- July 14, 2022
Only three months into the new year and it feels like a year’s worth of events have already happened in the economy and financial markets.
We’ve seen tragedy unfold in Ukraine, inflation persist and further increase, interest rates increase markedly in anticipation of the Fed beginning to raise benchmark rates, and oil prices have increased to near record levels.
Volatility returned to financial markets after a brief reprieve following the events of 2020. The S&P 500 experienced nearly as many daily changes of at least 1% in the first quarter of 2022 (29) as it did in all of 2021 (35).
The S&P 500 hit its only all-time high of 2022 on January 4th. As compared to 2021, when it achieved this milestone every 3.5 trading days on average. The index bottomed on March 14th at a low of -13% but since recovered substantial ground to close the quarter down 4.6%.
Our last post mentioned that looking at market returns over slightly longer periods provides more perspective. Since we recently had the anniversary of the market’s March 2020 low, it’s worth noting that the S&P 500 has doubled since then. This outcome was difficult to imagine at the time and reminds us of the difficulty of making investment decisions based on market conditions rather than on our financial goals.
And so we don’t cherry pick results too much, it's worth noting that even since the pre-Pandemic peak stocks have also produced exceptional returns.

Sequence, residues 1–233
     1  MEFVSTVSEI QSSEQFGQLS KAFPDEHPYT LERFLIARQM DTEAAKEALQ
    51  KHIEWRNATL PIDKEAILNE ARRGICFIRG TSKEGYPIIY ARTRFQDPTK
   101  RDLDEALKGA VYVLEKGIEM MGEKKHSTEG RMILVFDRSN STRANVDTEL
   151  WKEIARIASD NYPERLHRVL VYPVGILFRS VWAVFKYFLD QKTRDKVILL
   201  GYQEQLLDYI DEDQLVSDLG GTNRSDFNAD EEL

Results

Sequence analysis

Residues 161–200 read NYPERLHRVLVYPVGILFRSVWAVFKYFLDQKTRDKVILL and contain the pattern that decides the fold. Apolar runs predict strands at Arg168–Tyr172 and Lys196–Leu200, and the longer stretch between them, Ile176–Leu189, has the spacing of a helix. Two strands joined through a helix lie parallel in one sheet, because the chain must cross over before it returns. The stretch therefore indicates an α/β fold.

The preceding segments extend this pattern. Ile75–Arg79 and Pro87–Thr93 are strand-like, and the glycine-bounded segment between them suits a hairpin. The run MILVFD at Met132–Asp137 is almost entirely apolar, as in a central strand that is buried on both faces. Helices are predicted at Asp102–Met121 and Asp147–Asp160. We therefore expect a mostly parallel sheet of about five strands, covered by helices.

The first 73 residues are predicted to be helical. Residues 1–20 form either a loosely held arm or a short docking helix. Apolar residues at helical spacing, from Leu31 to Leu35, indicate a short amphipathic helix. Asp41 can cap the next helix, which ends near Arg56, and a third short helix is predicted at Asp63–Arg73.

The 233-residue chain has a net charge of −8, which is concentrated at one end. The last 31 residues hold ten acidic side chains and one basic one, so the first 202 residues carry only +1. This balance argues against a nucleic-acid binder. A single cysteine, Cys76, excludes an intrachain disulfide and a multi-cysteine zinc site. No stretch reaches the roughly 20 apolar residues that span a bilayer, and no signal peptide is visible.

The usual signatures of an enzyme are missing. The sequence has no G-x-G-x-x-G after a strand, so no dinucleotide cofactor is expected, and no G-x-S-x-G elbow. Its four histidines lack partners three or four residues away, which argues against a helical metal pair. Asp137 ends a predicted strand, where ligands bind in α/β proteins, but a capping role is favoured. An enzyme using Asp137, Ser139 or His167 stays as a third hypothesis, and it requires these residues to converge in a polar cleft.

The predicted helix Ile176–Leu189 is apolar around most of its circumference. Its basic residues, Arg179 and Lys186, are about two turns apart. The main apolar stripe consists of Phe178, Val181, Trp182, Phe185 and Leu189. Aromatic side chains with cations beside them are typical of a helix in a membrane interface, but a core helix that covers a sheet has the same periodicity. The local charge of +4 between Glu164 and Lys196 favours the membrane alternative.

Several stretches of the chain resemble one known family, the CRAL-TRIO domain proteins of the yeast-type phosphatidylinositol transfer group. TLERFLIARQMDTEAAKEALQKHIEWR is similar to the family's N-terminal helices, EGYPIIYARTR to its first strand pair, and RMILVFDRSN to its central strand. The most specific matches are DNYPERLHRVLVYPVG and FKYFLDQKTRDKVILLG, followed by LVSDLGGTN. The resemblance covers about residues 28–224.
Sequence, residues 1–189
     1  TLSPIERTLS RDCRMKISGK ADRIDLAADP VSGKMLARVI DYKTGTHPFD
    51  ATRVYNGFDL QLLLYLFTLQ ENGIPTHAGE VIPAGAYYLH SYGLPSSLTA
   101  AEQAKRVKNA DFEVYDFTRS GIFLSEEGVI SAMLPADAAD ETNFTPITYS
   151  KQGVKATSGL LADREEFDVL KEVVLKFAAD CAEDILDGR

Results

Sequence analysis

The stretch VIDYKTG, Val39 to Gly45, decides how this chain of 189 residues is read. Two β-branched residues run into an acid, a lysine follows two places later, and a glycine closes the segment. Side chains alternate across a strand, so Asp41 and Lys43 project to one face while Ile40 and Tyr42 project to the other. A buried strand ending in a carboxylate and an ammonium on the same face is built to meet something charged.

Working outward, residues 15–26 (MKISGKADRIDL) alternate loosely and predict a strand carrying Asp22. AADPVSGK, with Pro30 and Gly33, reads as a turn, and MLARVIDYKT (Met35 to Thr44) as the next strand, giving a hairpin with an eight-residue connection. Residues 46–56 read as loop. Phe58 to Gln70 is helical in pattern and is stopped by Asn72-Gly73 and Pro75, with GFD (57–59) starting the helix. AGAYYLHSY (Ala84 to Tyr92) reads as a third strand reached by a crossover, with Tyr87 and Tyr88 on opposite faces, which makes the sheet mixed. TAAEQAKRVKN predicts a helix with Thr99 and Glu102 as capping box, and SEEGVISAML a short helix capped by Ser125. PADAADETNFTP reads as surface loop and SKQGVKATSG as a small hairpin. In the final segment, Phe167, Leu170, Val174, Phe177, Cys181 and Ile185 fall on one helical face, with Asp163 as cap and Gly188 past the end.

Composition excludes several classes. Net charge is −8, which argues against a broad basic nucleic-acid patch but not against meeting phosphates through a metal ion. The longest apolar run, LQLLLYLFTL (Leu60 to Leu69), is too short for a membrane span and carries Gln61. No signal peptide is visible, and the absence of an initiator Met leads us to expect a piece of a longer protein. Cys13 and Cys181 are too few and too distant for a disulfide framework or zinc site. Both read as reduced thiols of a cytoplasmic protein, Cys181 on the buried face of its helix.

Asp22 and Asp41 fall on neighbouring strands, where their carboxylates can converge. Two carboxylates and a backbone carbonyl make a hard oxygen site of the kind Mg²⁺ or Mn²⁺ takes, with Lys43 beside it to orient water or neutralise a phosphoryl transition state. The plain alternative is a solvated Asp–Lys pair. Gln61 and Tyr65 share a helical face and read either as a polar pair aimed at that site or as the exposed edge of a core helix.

The Fed only started raising its benchmark rate in March, but the bond market has been trading rates higher in anticipation of the Fed’s benchmark rate increasing throughout the year. The 10-year Treasury started the year at 1.6% and finished the first quarter at 2.4% – a level last seen in May of 2019. It reached a Pandemic-era low of 0.5% in August 2020.
Higher interest rates have driven down bond prices, but we are collecting higher interest payments on our bond investments. Despite the short-term weakness in bond prices as markets adjust to higher rates, earning higher interest rates into the future is a positive development for return expectations as bond investors.
While it’s nice to earn higher interest on our bond investments, we also pay interest in many cases. An example many can relate to is the 30-year mortgage. Anyone who has taken out or refinanced a 30-year mortgage in the last two years has benefited from historically low rates. But in anticipation of the Fed’s increase in rates combined with their reduction in purchasing mortgages to stimulate that market, the rate new borrowers face has seen a rapid increase from 3.1% at the start of the year to 4.6% recently.
Much of the increase in interest rates is intended to reduce inflation – the likes of which are higher than we’ve seen in quite some time. Running at more than 7% for the last several months is a stark contrast to the barely 2% that has been the norm for many years. Current consensus is that much of the recent inflation has its roots in pandemic-era supply and demand imbalances, has persisted because of exceptionally strong post-pandemic economic growth, and has recently been worsened by events in Ukraine. All seemingly combine to form the perfect storm for supply and demand.
On the afternoon of March 31st after the books were closed on the quarter, the Wall St Journal posted and article with the headline “Stocks Post Worst Quarter in Two Years Despite Strong Finish.” Maybe this was intended to draw a connection with the quarter that ended two years ago when we were in the depths of pandemic uncertainty – a quarter where stocks posted a decline of 20% with a max drawdown of 34%. Sure, it was the first quarter in two years with negative returns, but beyond that held little similarity.